Census information about language is available above only. The West Bengal Official Language Bill, 2012, included Hindi, Santhali and Punjabi as official languages if it is spoken by a population exceeding 10 per cent of the whole in a particular block or sub-division or a district. Subsequently, Kamtapuri and Kurmali were included in the list of minority languages by the West Bengal Official Language Bill, 2018. However, as of 2019, there is no official / other reliable information about the areas covered. In 2011 census Hindus formed 90.65 % of the population in Moyna CD Block. Muslims formed 9.27 % of the population. Others formed 0.08 % of the population. The District Human Development Report for Purba Medinipur has provided a CD Block-wise data table for Modified Human Poverty Index of the district. Moyna CD Block registered 23.89 on the MHPI scale. The CD Block-wise mean MHPI was estimated at 24.9. Eleven out of twentyfive CD Blocks were found to be deprived in respect of grand CD Block average value of MHPI: All the CD Blocks of Haldia and Contai subdivisions appeared backward, except Ramnagar I & II, of all the blocks of Egra subdivision only Bhagabanpur I appeared backward and in Tamluk subdivision none appeared backward.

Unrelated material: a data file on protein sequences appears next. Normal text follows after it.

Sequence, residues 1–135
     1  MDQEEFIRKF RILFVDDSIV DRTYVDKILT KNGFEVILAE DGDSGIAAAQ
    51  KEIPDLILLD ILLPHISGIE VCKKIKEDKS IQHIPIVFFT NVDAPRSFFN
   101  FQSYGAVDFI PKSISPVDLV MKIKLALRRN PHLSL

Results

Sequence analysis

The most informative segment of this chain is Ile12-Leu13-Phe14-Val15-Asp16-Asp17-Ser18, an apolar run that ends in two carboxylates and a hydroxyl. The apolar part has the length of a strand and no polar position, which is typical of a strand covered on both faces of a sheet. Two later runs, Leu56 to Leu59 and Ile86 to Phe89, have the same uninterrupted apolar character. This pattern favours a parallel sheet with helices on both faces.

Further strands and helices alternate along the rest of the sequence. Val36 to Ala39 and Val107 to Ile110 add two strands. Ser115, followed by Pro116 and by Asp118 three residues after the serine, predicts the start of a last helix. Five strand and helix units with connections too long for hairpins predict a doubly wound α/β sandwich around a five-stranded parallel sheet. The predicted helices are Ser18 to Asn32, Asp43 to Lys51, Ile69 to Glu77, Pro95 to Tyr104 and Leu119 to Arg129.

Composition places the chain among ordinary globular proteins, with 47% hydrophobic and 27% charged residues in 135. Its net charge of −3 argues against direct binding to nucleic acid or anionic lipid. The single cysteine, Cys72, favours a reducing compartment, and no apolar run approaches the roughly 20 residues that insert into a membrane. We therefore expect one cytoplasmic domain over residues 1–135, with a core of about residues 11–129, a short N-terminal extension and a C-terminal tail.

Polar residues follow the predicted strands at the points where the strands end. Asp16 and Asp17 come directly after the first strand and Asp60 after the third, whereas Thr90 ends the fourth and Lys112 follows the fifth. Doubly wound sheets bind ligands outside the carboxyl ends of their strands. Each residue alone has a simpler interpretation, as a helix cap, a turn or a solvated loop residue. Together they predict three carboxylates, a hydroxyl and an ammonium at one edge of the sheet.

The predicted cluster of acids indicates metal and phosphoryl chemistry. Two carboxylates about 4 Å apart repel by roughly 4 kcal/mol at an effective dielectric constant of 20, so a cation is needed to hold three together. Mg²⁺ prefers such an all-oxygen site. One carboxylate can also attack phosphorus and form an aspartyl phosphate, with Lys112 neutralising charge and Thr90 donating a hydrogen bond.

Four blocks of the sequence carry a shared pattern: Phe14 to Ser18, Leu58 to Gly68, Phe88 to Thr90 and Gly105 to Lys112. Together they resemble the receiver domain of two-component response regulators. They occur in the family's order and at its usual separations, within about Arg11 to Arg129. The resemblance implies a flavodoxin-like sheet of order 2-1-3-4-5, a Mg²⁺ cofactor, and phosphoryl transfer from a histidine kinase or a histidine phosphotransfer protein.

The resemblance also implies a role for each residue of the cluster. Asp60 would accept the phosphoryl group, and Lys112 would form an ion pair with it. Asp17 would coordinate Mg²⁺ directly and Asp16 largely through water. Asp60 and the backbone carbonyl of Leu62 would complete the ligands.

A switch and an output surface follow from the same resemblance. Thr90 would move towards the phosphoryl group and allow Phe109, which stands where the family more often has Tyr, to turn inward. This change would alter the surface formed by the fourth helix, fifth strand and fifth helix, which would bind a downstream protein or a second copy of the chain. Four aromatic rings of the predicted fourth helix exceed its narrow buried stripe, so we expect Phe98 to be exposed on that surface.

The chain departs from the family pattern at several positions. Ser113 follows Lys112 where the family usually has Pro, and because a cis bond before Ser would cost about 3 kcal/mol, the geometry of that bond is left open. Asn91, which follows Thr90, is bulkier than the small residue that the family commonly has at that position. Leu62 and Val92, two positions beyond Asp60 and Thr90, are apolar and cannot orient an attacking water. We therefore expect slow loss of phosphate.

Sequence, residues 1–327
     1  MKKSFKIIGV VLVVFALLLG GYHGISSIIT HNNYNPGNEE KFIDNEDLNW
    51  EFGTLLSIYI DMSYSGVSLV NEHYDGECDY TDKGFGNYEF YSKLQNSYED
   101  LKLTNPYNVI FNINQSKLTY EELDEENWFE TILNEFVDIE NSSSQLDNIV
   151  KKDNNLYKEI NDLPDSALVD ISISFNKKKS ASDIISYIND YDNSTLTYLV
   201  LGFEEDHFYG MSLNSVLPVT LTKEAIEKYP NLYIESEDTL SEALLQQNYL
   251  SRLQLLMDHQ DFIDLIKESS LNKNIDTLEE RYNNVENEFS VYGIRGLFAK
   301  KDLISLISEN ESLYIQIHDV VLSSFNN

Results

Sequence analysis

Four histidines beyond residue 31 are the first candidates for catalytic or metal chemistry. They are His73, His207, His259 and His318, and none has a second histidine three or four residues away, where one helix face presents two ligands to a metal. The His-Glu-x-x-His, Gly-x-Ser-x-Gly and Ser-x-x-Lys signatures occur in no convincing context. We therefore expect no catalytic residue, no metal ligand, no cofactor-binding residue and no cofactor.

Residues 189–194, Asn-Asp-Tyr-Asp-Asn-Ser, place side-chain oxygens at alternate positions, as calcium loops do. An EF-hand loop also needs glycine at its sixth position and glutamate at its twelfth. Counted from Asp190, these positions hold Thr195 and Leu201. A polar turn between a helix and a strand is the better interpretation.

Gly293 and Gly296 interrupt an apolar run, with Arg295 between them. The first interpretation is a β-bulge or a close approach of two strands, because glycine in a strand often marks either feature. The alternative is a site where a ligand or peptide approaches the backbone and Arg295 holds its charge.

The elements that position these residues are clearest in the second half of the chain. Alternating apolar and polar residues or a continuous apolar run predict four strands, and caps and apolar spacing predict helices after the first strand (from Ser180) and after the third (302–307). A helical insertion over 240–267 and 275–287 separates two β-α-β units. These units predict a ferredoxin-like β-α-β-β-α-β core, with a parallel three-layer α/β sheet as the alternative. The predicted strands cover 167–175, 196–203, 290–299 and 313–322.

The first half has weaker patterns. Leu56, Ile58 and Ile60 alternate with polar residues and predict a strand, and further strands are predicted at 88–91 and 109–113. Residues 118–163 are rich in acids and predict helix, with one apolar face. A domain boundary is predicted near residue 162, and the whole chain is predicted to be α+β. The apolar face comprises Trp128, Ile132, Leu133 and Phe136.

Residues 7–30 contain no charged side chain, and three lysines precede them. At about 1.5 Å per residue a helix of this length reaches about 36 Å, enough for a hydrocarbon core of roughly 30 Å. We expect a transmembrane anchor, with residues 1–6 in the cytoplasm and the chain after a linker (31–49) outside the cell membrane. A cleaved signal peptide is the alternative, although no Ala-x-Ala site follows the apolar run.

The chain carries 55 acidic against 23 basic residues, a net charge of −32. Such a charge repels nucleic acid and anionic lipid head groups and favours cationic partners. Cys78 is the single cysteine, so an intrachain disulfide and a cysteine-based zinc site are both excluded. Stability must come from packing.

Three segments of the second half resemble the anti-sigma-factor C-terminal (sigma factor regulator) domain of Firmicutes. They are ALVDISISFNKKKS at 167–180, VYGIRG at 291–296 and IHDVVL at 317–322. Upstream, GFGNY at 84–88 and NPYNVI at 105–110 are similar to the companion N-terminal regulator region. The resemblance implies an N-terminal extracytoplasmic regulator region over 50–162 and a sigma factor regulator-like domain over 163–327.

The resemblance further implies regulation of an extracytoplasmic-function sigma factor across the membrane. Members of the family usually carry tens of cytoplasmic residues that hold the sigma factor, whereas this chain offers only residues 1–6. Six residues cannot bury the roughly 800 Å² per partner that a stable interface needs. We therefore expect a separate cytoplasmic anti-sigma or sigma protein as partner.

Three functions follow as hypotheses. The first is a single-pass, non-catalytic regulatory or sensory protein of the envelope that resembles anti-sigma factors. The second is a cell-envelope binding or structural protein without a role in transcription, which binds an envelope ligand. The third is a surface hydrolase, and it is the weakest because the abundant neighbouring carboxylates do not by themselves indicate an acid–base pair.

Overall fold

In Moyna CD Block in 2011, total workers formed 38.26% of the total population and amongst the class of total workers, cultivators formed 20.12%, agricultural labourers 47.6%, household industry workers 3.16% and other workers 29.08%. There are 85 inhabited villages in Moyna CD block. All 85 villages have power supply. All 85 villages have drinking water supply. 30 villages have post offices. 84 villages have telephones. 19 villages have a pucca approach road and 37 villages have